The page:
How To Grow 10 O’clock Flower Properly Like A Pro

10 O’clock Flower, also known as moss rose or sun rose, is a flowering plant in the family Portulacaceae. It is native to South America, but is widely cultivated as an annual or perennial in many parts of the world for its showy, brightly colored flowers.

The flowers of 10 O’clock Flower typically bloom in the morning and close in the evening, earning it the common name “10 o’clock flower.” The plant is drought-tolerant and thrives in sunny, well-drained locations. It is often grown in gardens or as a container plant.

How To Grow 10 O’clock Flower

Step 1 – Choose a sunny spot with well-draining soil:

10 O’clock Flower, often known as moss rose, is a sun-loving plant that grows best in sunny, well-drained areas. It is critical to select a location in your garden that receives lots of direct sunshine, as this will allow the plant to flourish and blossom to its greatest potential.

Because the plant is sensitive to excess moisture and might suffer from root rot if the soil is consistently wet, it is critical to find a spot with well-draining soil.

If your soil is prone to holding water or you live in a humid environment, you may need to improve drainage by adding compost or sand to the soil or planting the Portulaca in a raised bed.

Step 2 – Sow seeds directly in the ground after all danger of frost has passed: 

10 O’clock Flower is often planted as an annual, which means it grows, flowers, and dies all in the same growing season. Once all threat of frost has passed in your area, the plant’s seeds can be planted directly in the ground. This is usually done in the spring, when the earth has warmed up and the temperatures have risen above freezing.

Simply spread the seeds on the soil’s surface and gently press them down with your palm to plant. Because seeds require light to germinate, do not cover them with dirt. 

Instead, gently water the seeds to hydrate the soil and maintain it damp until the seeds germinate. It is critical to maintaining the soil evenly moist but not wet, as seeds might rot if they are continually damp.

Step 3 – Cover the seeds lightly with soil: 

After you’ve sowed the seeds, softly cover them with soil to keep them in place and prevent them from getting washed away by watering or rain.

Simply sprinkle a small layer of soil over the seeds, being careful not to bury them too deeply. A light layer of soil will keep the seeds wet and offer the darkness they require to germinate.

Step 4 – Water the seeds gently to moisten the soil: 

It is important to water the seeds carefully after spreading them and softly covering them with dirt. This will help in the germination and growth of the seeds.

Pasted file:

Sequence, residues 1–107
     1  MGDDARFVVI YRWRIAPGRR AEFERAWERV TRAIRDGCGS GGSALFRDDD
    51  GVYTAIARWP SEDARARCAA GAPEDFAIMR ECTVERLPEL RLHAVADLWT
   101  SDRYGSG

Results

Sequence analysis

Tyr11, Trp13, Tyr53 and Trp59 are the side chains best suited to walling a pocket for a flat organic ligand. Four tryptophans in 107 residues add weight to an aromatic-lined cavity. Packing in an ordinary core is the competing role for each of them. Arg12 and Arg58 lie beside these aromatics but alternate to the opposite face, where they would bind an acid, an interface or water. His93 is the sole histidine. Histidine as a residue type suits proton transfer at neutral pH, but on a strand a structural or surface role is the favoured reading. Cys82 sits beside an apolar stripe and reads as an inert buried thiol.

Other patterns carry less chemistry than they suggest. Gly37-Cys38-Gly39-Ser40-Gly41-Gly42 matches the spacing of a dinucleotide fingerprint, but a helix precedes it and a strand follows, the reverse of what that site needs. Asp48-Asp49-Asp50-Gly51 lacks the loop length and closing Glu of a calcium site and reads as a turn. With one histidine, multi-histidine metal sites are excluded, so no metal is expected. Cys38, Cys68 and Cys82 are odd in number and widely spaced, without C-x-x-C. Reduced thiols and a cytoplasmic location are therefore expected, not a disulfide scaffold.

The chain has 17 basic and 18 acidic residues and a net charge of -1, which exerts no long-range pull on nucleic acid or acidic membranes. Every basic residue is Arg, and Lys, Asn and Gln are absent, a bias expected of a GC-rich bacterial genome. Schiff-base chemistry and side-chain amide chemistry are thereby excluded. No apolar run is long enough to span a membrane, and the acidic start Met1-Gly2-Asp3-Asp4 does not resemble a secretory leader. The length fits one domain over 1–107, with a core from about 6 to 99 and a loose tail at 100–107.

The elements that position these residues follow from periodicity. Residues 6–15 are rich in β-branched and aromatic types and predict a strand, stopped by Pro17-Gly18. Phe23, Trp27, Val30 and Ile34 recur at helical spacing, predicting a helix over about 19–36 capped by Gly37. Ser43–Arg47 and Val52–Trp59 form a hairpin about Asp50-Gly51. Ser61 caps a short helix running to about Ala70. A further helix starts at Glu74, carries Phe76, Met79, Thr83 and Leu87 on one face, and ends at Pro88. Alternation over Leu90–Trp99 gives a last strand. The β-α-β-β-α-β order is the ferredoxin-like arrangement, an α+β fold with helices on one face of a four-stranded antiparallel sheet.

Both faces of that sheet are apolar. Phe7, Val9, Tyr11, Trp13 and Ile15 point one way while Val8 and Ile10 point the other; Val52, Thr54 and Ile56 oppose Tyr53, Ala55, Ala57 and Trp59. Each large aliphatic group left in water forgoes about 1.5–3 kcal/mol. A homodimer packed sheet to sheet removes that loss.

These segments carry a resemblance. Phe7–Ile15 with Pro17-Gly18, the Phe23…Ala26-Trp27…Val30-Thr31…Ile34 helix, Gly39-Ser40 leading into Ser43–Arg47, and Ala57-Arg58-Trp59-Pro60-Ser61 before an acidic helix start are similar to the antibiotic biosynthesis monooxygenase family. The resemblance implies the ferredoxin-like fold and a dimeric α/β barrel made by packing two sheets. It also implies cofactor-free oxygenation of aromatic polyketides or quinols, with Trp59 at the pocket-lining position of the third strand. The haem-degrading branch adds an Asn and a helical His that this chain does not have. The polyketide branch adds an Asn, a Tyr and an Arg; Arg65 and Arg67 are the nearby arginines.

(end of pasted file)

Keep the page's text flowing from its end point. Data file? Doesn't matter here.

Water the seeds gently with a watering can or hose with a tiny spray, take care not to disrupt the seeds or soil too much. Until the seeds germinate, keep the soil uniformly damp but not wet.

Step 5 – Keep the soil evenly moist until the seeds germinate: 

After you’ve sown the seeds and gently watered them to hydrate the soil, it’s critical to maintain the soil equally moist until the seeds sprout. Depending on the temperature and humidity, this usually takes 5-10 days.

Water the seeds gently as required to keep the soil constantly moist, but avoid overwatering or letting the soil entirely dry up, as this might cause the seeds to fail to germinate.

Step 6 – Thin the seedlings to about 6 inches apart once they have at least two sets of true leaves:

Once the seeds have germinated and the seedlings have grown large enough to handle, you will want to thin them to about 6 inches apart. This will allow the plants to grow and develop to their full potential without being overcrowded.

To thin the seedlings, simply snip off the excess seedlings at the soil level with a pair of scissors or a sharp knife. Be sure to leave the healthiest and strongest seedlings to grow and develop.

Step 7 – Apply a balanced fertilization once the plants are well established:

Once the 10 O’clock flowers are well established and have a few sets of true leaves, you can begin fertilizing them to help them grow and bloom to their full potential.

Use a balanced fertilizer, such as a 20-20-20 or 10-10-10 formula, and follow the instructions on the package for the appropriate dosage and frequency. Avoid overfertilizing, as this can lead to excessive foliage growth at the expense of flowers.

Step 8 – Deadhead spent flowers to encourage continued blooming:

10 O’clock Flower is a prolific bloomer and will continue to produce flowers throughout the growing season if the spent flowers are removed.

To deadhead the flowers, simply snip off the faded or wilted flowers at the base of the stem with a pair of scissors or a sharp knife. This will encourage the plant to produce more flowers and keep the plant looking neat and tidy.

Step 9 – Water the plants deeply, but infrequently, to allow the soil to dry out slightly between waterings:

10 O’clock Flower is a drought-tolerant plant that does not require a lot of water to thrive. In fact, the plant is more likely to suffer from root rot and other problems if the soil is constantly wet.

To water the plants, soak the soil deeply, but infrequently, to allow the soil to dry out slightly between waterings. This will help to prevent the roots from becoming waterlogged and encourage the plant to develop a strong root system.

Step 10 – Protect the plants from extreme heat or freezing temperatures:

10 O’clock Flower is a tough and resilient plant, but it is not tolerant of extreme heat or freezing temperatures. To protect the plants from extreme weather, consider covering them with a lightweight row cover or frost blanket during cold snaps or extreme heat. This will help to keep the plants warm and protected, allowing them to continue growing and blooming to their full potential.

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